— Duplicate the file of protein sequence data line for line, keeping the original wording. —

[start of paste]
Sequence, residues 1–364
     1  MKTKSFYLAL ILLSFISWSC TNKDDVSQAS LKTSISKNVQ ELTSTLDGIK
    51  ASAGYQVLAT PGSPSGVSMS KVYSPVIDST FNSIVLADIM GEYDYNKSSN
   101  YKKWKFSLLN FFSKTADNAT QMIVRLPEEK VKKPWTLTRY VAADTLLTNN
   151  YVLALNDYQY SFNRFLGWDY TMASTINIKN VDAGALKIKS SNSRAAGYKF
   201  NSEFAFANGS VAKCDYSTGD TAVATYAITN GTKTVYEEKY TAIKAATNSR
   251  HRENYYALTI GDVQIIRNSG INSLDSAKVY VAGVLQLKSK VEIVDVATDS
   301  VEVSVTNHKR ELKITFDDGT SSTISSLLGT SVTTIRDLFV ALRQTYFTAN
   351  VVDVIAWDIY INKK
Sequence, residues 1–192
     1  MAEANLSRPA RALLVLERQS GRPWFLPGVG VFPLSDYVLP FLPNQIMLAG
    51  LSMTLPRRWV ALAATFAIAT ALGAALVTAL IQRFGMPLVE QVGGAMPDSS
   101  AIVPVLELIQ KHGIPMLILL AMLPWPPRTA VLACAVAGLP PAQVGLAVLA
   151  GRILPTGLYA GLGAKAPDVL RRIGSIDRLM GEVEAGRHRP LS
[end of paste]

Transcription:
Sequence, residues 1–364
     1  MKTKSFYLAL ILLSFISWSC TNKDDVSQAS LKTSISKNVQ ELTSTLDGIK
    51  ASAGYQVLAT PGSPSGVSMS KVYSPVIDST FNSIVLADIM GEYDYNKSSN
   101  YKKWKFSLLN FFSKTADNAT QMIVRLPEEK VKKPWTLTRY VAADTLLTNN
   151  YVLALNDYQY SFNRFLGWDY TMASTINIKN VDAGALKIKS SNSRAAGYKF
   201  NSEFAFANGS VAKCDYSTGD TAVATYAITN GTKTVYEEKY TAIKAATNSR
   251  HRENYYALTI GDVQIIRNSG INSLDSAKVY VAGVLQLKSK VEIVDVATDS
   301  VEVSVTNHKR ELKITFDDGT SSTISSLLGT SVTTIRDLFV ALRQTYFTAN
   351  VVDVIAWDIY INKK
Sequence, residues 1–192
     1  MAEANLSRPA RALLVLERQS GRPWFLPGVG VFPLSDYVLP FLPNQIMLAG
    51  LSMTLPRRWV ALAATFAIAT ALGAALVTAL IQRFGMPLVE QVGGAMPDSS
   101  AIVPVLELIQ KHGIPMLILL AMLPWPPRTA VLACAVAGLP PAQVGLAVLA
   151  GRILPTGLYA GLGAKAPDVL RRIGSIDRLM GEVEAGRHRP LS